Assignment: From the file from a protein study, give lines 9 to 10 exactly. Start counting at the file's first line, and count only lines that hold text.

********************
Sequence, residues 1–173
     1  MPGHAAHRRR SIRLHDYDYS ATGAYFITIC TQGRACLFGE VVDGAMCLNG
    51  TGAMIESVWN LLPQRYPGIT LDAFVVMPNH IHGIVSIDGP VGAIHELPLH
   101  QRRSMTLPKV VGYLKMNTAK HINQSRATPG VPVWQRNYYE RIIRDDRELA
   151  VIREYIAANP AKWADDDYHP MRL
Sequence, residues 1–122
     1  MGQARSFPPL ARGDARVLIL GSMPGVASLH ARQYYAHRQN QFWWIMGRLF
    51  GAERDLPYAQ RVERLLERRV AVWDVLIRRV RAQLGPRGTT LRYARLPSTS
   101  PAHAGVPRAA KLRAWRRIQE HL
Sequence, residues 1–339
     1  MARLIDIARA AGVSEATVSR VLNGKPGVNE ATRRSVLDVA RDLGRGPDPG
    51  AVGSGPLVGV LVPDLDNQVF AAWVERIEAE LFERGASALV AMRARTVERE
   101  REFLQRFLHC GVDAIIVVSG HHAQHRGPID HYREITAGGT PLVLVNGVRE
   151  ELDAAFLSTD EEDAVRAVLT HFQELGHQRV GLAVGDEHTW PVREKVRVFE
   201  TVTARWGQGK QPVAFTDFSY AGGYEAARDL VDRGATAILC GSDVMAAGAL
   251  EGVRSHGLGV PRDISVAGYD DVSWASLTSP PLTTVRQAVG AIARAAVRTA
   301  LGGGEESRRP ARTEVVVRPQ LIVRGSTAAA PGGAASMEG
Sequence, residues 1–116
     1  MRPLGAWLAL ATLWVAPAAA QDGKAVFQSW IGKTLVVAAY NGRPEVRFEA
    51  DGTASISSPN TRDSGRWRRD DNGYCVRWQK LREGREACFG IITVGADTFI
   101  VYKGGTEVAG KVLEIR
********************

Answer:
   101  PAHAGVPRAA KLRAWRRIQE HL
Sequence, residues 1–339